Auditing your GDPR practices

Follow our advice to make sure your organisation is GDPR-compliant and avoids disciplinary action.

After a relatively quiet few months, the EU GDPR (General Data Protection Regulation) is back in the news. Organisations have been waiting uneasily since the dramatics of the 25 May 2018 compliance deadline, wondering what the Regulation will look like in practice and whether its much-discussed fines will become a reality.

They got their answer last week, when German chat app Knuddels became the first organisation to receive a substantial penalty under the GDPR. Hotel giant Marriott, which recently confirmed that up to 500 million customers had been affected by a data breach, could be next.

These incidents should act as warnings to everyone. You can now be certain that violations will be punished, and although the there have been no blockbuster fines so far, it’s worth remembering that the few infractions that have been penalised were relatively minor or mitigated by an effective response. Serious failings will be met with marsh harsher penalties.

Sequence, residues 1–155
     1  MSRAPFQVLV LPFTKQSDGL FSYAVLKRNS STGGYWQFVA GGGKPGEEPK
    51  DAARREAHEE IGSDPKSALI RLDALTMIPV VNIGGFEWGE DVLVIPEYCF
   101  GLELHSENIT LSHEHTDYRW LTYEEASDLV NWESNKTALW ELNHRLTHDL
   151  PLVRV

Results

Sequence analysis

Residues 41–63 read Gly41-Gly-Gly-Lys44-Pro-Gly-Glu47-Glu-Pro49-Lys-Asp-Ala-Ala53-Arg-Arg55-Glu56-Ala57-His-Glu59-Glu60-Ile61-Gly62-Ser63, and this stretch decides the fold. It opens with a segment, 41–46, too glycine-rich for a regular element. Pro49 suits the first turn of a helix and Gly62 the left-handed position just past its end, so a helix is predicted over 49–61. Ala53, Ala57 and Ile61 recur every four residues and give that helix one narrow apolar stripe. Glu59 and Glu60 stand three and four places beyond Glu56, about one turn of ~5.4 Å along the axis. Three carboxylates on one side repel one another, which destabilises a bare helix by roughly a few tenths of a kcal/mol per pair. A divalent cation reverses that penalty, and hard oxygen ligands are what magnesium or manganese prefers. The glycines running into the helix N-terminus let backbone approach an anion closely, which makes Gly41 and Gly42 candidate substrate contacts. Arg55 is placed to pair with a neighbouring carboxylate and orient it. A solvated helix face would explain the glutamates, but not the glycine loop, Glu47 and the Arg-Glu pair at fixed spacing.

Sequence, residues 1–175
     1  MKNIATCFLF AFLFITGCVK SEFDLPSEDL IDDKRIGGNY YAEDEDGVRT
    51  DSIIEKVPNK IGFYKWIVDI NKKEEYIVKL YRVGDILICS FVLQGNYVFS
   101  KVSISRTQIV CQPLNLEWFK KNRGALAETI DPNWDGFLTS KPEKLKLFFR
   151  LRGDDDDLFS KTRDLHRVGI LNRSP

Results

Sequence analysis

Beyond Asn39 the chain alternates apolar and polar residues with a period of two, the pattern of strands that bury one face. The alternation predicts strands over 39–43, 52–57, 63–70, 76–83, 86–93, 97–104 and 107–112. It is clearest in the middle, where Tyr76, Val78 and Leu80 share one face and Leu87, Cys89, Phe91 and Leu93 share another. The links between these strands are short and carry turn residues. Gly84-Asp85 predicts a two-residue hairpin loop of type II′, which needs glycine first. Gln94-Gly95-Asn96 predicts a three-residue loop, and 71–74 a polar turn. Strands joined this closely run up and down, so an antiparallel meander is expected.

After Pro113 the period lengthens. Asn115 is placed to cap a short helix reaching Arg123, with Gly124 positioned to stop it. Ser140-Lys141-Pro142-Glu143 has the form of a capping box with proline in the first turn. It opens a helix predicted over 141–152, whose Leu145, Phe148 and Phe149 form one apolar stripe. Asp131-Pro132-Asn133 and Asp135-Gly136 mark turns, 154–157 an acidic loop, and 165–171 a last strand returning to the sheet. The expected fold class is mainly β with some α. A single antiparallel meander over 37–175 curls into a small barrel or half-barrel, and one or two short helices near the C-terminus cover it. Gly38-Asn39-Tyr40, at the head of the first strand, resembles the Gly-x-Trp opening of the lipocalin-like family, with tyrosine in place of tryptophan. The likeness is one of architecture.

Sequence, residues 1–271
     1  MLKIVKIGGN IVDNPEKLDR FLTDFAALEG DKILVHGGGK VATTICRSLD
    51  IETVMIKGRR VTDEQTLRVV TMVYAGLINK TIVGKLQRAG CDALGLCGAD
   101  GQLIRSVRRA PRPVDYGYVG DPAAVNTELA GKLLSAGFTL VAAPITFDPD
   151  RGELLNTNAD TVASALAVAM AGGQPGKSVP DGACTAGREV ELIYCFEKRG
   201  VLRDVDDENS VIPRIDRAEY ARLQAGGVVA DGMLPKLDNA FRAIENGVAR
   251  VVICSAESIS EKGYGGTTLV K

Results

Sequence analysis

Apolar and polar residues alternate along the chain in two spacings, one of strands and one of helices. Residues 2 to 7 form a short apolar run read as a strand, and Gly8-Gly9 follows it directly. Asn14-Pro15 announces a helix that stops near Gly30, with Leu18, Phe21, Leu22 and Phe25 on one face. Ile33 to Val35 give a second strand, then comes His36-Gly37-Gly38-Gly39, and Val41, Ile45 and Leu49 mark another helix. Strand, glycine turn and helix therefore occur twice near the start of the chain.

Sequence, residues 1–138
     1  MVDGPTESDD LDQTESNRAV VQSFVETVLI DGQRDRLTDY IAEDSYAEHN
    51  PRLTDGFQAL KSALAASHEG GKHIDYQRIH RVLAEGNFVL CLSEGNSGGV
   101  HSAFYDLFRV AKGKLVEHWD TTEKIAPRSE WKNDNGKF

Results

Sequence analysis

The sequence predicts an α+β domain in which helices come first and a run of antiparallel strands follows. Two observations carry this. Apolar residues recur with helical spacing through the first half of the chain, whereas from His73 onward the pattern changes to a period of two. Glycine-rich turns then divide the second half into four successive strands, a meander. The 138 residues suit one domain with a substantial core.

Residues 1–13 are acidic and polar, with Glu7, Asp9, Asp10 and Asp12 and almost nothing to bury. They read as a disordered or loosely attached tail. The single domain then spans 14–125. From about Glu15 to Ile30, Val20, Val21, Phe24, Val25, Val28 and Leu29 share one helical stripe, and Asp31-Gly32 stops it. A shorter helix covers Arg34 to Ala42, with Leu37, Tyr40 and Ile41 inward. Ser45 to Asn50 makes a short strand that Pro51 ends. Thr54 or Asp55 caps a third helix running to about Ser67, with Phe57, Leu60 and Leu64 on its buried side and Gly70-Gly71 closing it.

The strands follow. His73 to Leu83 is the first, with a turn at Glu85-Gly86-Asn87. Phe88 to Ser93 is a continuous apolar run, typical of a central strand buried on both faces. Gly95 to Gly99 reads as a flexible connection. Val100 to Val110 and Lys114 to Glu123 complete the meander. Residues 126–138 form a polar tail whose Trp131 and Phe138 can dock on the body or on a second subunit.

Make sure you don’t have any compliance gaps

Your organisation will have changed since beginning its GDPR compliance journey, so it’s important to make sure you haven’t fallen out of compliance or overlooked anything.

The only way to do that is to conduct an internal audit. This involves a thorough review of your practices, comparing them to the Regulation’s requirements. It must be performed by a GDPR expert, as they are the only people who will know for sure whether you’ve interpreted the requirements correctly.

If you don’t have an expert on board, or you do but they don’t have time to complete an audit, there’s no need to panic. Our GDPR Audit Service includes everything you need to review your compliance posture.

Our privacy specialists will audit the adequacy and effectiveness of your privacy management and information security practices, and provide a detailed report of their findings.

The report will explain areas of weakness and greatest risk, in addition to areas of particularly good practice that have been identified. Prioritised recommendations will be highlighted to help you develop an action plan to address weaknesses and risks.

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